mental journey through your school. In the first
room, you could have George Washington in an
astronaut suit and cutting firewood. In the
second room you could have John Adams
break dancing in front of the classroom.
And on and on until you have completed all
43 presidents.

Remember, emotion and exaggerated associations
are the key to memory.

5. The Image-Name Technique

Here's an excellent (but simple) memory technique for
remembering names.

All you have to do is make up a relationship between the
name and the physical characteristics of the person's name
you are trying to remember.

For example, if you were trying to remember a person by the
name of Tom, you might associate their name with the person
you went to prom with who was also named Tom. In this
instance, you are making the connection between Tom and prom
(rhyming) and between someone you previously knew from
high school.

If you want to remember the name Sally, you might imagine
them in a ballet. This association will help you remember
their name because of the visual imagery and the connection
between the "closely related" words that almost rhyme:
Sally and ballet.

By making connections, you are instantly more likely to
remember their name the next time you see them.

6. Mind Mapping

One of the best ways to learn new things is to relate what
you want to learn with something you already know. This is
known as association and it is the mental glue that drives
your brain.

Associations are also one of the best ways to improve your
memory. To maximize our mental powers, we must constantly
look for associations that connect new ideas and knowledge
with old ideas and concepts that we are already familiar

Association is the primary method that memory champions use
to win international memory competitions. If you want to
enhance your mental abilities, then association is one skill
that you will definitely want to practice.

Mind mapping is one of the best ways to practice association.

According to Wikipedia, mind mapping:

"is a diagram used to represent words, ideas, tasks or
other items linked to and arranged radially around a central
key word or idea."

Mind maps have been used for centuries to aid in learning,
brainstorming, memory, and problem solving.

To start creating your own mind map, simply get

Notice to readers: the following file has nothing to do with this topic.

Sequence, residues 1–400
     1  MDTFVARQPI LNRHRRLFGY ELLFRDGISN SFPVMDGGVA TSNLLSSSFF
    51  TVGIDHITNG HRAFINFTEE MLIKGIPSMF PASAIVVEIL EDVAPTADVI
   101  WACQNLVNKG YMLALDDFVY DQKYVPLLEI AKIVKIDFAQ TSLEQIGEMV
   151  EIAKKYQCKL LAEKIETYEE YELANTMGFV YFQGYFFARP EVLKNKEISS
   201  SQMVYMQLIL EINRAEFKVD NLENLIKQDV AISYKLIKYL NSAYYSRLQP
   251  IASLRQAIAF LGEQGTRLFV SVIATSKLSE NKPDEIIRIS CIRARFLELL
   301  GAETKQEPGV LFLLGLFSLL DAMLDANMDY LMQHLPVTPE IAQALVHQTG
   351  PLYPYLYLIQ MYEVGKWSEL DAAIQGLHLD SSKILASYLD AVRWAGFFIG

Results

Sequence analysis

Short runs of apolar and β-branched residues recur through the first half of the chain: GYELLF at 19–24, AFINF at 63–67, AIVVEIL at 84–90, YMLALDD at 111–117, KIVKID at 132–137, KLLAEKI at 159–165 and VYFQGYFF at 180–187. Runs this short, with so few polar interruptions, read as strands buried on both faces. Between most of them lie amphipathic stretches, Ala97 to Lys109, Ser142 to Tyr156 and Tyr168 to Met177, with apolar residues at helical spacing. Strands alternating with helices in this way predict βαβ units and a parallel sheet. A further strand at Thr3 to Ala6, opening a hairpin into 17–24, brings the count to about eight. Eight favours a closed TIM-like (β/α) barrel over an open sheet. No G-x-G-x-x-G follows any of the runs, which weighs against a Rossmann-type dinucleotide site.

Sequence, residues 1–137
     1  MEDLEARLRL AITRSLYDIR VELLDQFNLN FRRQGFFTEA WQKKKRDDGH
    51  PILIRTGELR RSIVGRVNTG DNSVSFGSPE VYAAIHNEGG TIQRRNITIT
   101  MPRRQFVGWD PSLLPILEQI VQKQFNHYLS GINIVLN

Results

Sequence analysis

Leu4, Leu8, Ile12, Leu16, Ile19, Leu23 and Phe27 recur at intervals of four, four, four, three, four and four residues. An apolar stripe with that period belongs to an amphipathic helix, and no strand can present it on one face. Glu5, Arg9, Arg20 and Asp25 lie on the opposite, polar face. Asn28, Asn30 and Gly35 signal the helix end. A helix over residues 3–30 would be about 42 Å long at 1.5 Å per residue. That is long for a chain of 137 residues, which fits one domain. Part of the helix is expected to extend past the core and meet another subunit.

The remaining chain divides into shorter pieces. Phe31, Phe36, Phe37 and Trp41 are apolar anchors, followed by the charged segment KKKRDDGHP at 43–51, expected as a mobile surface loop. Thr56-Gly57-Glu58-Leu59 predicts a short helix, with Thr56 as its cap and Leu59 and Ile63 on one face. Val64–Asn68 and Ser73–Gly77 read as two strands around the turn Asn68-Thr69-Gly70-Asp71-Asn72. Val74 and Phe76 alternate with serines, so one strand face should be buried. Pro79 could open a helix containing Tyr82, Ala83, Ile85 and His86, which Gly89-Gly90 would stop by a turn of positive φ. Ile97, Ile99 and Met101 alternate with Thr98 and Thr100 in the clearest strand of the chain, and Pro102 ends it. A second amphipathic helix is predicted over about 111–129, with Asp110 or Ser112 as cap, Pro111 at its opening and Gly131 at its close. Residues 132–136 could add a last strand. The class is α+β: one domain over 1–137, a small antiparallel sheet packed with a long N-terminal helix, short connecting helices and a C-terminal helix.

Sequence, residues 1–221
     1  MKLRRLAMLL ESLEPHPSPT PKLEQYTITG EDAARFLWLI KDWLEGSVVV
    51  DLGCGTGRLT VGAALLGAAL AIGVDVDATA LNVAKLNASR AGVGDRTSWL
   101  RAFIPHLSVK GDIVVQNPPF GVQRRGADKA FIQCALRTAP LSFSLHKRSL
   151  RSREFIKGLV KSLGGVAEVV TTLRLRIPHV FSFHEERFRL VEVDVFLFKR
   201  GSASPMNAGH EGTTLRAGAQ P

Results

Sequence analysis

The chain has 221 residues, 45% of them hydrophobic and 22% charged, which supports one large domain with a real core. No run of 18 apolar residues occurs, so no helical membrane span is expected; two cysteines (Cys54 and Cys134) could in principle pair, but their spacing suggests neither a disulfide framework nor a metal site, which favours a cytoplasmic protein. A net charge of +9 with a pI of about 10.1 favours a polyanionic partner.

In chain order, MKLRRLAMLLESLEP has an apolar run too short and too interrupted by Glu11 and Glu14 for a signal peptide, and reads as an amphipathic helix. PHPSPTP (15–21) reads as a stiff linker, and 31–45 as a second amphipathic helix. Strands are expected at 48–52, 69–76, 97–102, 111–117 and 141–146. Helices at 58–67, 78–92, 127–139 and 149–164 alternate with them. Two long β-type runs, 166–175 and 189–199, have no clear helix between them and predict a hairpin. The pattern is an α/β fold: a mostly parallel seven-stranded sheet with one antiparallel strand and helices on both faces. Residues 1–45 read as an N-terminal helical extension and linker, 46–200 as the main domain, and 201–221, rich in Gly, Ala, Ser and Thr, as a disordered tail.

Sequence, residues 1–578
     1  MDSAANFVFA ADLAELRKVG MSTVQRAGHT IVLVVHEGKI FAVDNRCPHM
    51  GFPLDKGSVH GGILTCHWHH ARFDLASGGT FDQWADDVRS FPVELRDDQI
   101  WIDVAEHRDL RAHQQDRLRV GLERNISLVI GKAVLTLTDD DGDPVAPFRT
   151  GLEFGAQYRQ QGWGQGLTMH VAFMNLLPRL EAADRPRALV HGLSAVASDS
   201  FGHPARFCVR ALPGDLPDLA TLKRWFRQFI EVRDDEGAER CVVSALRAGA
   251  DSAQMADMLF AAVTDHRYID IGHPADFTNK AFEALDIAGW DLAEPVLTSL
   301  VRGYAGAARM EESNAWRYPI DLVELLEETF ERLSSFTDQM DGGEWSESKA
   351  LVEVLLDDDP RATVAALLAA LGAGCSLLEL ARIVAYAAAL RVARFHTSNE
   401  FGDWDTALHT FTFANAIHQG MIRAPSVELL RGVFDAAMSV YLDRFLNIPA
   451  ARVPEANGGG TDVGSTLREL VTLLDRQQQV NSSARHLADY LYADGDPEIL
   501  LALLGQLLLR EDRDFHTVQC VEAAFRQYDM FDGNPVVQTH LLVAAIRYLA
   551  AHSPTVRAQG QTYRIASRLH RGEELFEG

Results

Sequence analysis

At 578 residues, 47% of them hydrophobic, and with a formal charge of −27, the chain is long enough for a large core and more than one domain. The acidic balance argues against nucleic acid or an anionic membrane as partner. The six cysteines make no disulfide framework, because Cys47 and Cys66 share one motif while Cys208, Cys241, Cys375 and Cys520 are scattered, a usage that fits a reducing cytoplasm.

out a piece of paper, multiple colored pens, and begin
drawing a handwritten mind map that connects a variety
of ideas and concepts to a central key word or idea.
The simple act of using your hand for thought can really
get the brain going.

7. Write an Article

One of the best ways to learn a topic is to start writing
about it yourself. This forces you to clarify your thoughts
and dig a bit deeper into the topic at hand.

By expressing the core ideas in your own words, you will
gain a much deeper understanding of the topic.

Explaining a topic to others will help you to "really"
understand the matter because teaching something to others
requires a completely different level of insight.

Think about it. If you had to teach a class, wouldn't you
make sure that you understood the material even better than
the students. Take on the role of an instructor and you will
find yourself gaining a much deeper understanding of the
topics you study.

8. Peg words

Peg words are extremely powerful, but it does take some time
to learn how to use them. However, once you master this
technique, you can probably cut your studying time in half.

The use of pegs goes all the way back to the seventeenth
century and Henry Herson. He came up with a list of ten
objects that physically resembled the number itself. For
example, the number 1 was represented by a candle.
Number 8 was a pair of spectacles.

Peg words essentially become "hangers" or pegs on which
you can hang different items that you want to remember.

This system works by pre-memorizing a list of words that
are easy to associate with the numbers they represent. To
begin, you can connect simple objects with the numbers 1-20.
Those objects form the "pegs" of the system.

Once you have created a list of words for each number, you
can then begin using your peglist to quickly memorize a
list of objects.

For example, let's say you want to memorize a grocery list
of 10 items. To begin, you would need to make a peg list for
the numbers 1-10. Here's an example:

1- pencil
2- shoe
3- phone
4- door
5- book
6- basketball
7- hat
8- radio
9- car
10- barn

Now, you must associate the groceries on your list with each
of your peg words. Remember that your associations must be
exaggerated and filled with emotion in order to make them
easy to remember. Here are some examples of how you could
associate the grocery list with each of the peg words:

1- tomatoes - Visualize an army of pencils attacking a field
of overgrown tomatoes.
2- grapes - Visualize your favorite TV character stomping
through a big barrel of grapes with bright white shoes.
3 - cereal - Visualize opening your phone and having your